The first thing to do, though, was get him kitted up. Fearing the worst, I asked him what clothes he’d brought with him.

‘T-shirts, shorts, sandals.’

‘Is that it?’

‘Oh, I’ve also got a sunhat!’

‘Right, you’ll need quite a bit, then.’ There are scores of shops selling all sorts of outdoor clothing in Thamel, and I wasn’t worried about being able to find what we wanted. What did worry me slightly, was that Bob is quite tall, and he is also somewhat overweight. The average Nepali is neither, and my fears that the clothing could be a little on the small side for Bob were soon borne out. By lunchtime Bob was the proud owner of some very smart looking trekking trousers that came down no lower than his shins, and a couple of jackets that came down just to the top of his trousers, and the sleeves of which were a good six inches too short.

Still, he seemed happy enough.

‘How are the shoes, Bob?’

‘Well, a little tight, but they’ll do. It’ll only be for a few days, anyway. It was a good idea of yours to cut the holes in the toes.’

‘Um. Well, no one seemed to have anything your size, Bob. Think of them as a type of, er, mountain sandal. And…a few days? No, the trek takes a couple of weeks.’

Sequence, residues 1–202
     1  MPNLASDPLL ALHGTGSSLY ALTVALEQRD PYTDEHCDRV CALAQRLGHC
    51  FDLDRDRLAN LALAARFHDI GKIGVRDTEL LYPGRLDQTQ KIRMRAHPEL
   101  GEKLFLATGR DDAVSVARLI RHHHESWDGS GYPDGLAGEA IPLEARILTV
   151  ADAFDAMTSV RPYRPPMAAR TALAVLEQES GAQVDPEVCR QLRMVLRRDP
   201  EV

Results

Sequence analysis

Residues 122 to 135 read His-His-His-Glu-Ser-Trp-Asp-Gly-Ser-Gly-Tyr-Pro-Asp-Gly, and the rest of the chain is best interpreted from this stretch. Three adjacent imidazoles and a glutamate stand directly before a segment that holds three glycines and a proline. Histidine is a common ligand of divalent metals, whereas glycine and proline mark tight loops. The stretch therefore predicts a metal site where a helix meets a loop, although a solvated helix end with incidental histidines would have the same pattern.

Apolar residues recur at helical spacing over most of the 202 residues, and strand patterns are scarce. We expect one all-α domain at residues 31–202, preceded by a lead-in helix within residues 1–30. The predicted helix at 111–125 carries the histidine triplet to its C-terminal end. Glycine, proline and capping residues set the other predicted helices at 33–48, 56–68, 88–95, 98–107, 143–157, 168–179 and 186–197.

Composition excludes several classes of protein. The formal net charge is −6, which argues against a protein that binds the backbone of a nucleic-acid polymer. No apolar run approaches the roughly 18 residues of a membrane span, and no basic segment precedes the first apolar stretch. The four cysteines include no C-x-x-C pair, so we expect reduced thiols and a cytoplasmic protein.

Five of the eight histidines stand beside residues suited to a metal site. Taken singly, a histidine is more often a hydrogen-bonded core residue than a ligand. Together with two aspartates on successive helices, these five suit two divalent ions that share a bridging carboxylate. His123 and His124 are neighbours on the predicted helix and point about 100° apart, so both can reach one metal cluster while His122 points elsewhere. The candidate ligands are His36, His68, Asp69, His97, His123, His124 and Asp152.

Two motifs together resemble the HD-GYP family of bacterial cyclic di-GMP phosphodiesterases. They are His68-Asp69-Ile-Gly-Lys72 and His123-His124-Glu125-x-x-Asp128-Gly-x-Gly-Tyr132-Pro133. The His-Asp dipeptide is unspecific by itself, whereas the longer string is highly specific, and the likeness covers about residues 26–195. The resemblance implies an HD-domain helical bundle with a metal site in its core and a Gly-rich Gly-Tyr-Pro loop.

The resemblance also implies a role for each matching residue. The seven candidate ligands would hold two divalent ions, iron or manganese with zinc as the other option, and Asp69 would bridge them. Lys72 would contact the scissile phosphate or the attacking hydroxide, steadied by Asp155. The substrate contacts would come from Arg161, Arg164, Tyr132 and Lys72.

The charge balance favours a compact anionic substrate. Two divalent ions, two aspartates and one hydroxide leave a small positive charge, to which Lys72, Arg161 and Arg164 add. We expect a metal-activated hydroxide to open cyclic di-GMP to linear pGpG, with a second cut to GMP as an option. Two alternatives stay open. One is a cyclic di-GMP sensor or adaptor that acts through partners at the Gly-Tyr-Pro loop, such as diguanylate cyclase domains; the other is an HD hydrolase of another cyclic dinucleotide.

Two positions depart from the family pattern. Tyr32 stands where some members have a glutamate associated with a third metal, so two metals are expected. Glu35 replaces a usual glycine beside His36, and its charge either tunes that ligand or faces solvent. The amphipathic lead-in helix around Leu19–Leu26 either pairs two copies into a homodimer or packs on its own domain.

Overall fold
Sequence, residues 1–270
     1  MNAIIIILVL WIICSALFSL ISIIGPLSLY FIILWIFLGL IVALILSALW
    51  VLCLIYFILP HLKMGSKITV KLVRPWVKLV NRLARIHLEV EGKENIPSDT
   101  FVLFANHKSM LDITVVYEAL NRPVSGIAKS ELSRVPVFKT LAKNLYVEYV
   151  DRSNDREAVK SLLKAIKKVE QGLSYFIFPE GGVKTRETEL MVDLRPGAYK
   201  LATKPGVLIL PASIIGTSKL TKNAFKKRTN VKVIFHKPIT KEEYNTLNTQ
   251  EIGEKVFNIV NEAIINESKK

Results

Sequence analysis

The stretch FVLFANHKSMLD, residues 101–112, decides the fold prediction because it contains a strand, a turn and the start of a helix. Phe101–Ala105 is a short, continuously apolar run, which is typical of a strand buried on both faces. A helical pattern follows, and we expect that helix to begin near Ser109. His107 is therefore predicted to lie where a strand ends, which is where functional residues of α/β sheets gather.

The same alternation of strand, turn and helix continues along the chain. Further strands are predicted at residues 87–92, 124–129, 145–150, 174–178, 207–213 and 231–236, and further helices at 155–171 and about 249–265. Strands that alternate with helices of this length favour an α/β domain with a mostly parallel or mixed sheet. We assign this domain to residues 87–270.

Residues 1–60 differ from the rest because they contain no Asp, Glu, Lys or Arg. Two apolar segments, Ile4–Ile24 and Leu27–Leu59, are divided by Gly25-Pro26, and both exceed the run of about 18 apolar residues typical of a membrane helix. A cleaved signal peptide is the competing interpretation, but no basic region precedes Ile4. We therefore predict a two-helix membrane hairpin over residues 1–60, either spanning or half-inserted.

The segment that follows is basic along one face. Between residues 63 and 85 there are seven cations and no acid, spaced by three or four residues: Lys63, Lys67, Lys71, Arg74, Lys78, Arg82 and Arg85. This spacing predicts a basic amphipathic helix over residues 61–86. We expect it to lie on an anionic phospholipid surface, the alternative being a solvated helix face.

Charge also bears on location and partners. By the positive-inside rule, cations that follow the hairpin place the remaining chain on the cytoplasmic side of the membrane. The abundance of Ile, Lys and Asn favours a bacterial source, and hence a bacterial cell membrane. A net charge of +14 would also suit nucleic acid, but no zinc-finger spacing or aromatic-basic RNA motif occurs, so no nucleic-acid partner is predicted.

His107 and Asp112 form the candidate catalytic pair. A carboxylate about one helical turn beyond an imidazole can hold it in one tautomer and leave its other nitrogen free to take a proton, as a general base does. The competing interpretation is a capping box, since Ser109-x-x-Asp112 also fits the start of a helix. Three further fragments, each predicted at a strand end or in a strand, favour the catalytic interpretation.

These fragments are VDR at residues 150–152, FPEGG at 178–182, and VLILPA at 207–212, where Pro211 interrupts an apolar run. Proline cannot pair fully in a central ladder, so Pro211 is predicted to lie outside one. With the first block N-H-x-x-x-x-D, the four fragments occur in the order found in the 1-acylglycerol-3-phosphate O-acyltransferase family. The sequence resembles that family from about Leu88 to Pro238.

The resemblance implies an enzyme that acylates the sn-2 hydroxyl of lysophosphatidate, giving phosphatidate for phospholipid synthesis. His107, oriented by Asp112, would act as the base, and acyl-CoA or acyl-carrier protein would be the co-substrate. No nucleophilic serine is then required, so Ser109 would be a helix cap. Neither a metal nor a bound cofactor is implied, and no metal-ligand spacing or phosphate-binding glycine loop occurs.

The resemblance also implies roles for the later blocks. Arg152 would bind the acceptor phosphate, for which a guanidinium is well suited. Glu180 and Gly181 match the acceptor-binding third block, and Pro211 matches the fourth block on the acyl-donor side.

‘Weeks? I need to get back for work!’

‘Oh, that’s okay. You needn’t come with me. You can stay here at the hotel and then get your flight home.’ He stared at me in a way that made me feel wretched. ‘Look, I’ll change your flight,’ I said at last.

‘Can you do that?’

‘Yes, it’s my virtual trip, this, so I suppose I can.’

I changed his flight, and then booked us both on a flight up to Lukla. The next morning, we were at the airport ready to fly up into the mountains.

‘Is that what we’re flying on?’

Personally, I love the little twin engine planes that do this journey, and hundreds like it all around the Himalaya, but Bob declared he’d only feel safe on a ‘proper aircraft’ – in other words a jet liner.